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15 Books by Latinx Authors to Add to your Reading List

15 Books by Latinx Authors to Add to your Reading List

By Remezcla

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Looking to expand your reading list? Why not add these 15 books by Latinx authors? Check out something new, here.

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Postcolonial Love Poem

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2020 | Natalie Diaz

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FINALIST FOR THE 2020 NATIONAL BOOK AWARD FOR POETRY FINALIST FOR THE 2020 LOS ANGELES TIMES BOOK AWARD FOR POETRY Natalie Diaz’s highly anticipated follow-up to When My Brother Was an Aztec, winner of an American Book Award Postcolonial Love Poem is an anthem of desire against erasure. Natalie Diaz’s brilliant second collection demands that every body carried in its pages—bodies of language, land, rivers, suffering brothers, enemies, and lovers—be touched and held as beloveds. Through these poems, the wounds inflicted by America onto an indigenous people are allowed to bloom pleasure and tenderness: “Let me call my anxiety, desire, then. / Let me call it, a garden.” In this new lyrical landscape, the bodies of indigenous, Latinx, black, and brown women are simultaneously the body politic and the body ecstatic. In claiming this autonomy of desire, language is pushed to its dark edges, the astonishing dunefields and forests where pleasure and love are both grief and joy, violence and sensuality. Diaz defies the conditions from which she writes, a nation whose creation predicated the diminishment and ultimate erasure of bodies like hers and the people she loves: “I am doing my best to not become a museum / of myself. I am doing my best to breathe in and out. // I am begging: Let me be lonely but not invisible.” Postcolonial Love Poem unravels notions of American goodness and creates something more powerful than hope—in it, a future is built, future being a matrix of the choices we make now, and in these poems, Diaz chooses love.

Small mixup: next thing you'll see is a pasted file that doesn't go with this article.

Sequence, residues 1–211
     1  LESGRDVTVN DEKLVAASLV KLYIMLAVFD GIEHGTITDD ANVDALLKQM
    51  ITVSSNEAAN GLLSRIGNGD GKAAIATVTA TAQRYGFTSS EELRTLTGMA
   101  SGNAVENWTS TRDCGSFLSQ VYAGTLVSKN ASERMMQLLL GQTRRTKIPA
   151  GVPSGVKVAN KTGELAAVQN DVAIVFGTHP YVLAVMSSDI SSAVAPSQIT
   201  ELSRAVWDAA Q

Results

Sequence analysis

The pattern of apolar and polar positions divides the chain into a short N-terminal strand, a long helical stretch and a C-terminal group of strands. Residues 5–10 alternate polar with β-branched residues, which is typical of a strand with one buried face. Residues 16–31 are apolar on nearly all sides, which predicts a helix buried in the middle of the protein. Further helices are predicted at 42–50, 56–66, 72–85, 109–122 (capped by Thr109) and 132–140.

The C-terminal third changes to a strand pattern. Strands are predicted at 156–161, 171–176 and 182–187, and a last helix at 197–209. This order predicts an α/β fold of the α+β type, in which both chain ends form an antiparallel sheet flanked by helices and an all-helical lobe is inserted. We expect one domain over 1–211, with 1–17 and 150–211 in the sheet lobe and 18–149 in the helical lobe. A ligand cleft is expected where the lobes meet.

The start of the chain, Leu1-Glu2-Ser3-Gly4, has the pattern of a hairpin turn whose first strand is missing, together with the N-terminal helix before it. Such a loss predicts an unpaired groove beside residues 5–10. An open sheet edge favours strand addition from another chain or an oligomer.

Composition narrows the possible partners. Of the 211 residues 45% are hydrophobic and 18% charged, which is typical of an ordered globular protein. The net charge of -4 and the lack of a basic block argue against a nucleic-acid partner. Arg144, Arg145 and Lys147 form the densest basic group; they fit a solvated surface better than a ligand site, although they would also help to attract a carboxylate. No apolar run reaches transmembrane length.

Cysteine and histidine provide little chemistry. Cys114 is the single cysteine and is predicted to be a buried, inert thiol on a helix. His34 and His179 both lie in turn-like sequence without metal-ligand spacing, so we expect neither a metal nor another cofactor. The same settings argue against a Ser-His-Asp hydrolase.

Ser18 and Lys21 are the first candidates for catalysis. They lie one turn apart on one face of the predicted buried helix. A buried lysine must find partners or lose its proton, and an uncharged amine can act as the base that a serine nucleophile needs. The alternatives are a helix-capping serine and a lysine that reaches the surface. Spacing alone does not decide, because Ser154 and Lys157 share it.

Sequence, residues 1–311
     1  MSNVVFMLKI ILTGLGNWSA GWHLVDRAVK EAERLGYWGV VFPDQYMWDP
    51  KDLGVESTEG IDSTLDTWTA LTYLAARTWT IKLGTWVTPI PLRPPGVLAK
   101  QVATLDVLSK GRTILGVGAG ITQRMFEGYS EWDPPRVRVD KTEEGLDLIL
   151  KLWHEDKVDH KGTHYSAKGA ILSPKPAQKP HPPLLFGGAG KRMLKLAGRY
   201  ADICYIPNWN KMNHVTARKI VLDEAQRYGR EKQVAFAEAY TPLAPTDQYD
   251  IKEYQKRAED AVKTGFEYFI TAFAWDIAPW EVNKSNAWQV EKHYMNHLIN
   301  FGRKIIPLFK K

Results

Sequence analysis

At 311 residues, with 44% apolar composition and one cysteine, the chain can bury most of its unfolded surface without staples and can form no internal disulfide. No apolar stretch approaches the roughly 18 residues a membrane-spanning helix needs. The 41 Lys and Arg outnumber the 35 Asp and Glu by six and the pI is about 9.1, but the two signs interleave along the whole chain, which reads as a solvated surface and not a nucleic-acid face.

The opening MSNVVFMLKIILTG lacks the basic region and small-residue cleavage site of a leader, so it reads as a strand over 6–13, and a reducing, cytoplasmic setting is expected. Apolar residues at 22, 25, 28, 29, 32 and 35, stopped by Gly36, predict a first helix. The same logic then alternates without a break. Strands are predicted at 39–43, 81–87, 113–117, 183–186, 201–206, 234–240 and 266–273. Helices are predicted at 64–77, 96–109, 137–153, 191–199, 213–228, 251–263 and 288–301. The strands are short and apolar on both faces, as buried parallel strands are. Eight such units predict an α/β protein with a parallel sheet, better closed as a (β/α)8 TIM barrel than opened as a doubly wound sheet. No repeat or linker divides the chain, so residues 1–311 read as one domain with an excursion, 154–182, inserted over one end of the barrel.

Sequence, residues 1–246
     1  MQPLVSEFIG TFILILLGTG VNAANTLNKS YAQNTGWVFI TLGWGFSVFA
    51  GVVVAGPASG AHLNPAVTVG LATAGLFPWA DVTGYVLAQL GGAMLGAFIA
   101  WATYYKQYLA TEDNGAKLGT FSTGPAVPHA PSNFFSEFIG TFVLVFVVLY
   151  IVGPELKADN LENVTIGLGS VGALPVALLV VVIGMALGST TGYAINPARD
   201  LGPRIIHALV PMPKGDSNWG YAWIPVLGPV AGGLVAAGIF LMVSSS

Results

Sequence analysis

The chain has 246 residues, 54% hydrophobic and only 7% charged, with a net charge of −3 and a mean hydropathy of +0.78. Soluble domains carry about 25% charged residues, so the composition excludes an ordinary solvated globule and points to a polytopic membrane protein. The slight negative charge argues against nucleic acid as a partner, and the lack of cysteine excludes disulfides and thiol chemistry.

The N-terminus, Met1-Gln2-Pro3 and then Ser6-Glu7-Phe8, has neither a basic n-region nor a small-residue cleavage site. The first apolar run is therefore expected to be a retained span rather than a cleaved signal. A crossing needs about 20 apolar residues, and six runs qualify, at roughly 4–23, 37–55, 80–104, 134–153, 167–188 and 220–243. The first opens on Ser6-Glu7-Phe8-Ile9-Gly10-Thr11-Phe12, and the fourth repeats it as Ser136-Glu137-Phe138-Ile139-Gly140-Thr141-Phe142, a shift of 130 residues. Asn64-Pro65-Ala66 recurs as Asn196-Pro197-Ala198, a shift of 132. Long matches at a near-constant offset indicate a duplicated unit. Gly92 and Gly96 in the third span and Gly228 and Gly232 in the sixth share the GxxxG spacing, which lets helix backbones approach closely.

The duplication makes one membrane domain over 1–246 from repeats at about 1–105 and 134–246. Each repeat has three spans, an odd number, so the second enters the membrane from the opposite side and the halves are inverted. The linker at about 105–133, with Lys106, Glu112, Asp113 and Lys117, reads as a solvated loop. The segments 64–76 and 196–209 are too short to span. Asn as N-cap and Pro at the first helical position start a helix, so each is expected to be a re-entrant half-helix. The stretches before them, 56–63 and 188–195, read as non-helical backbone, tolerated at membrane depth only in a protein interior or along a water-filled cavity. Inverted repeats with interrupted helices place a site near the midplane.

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Spirit Run

2020 | Noé Álvarez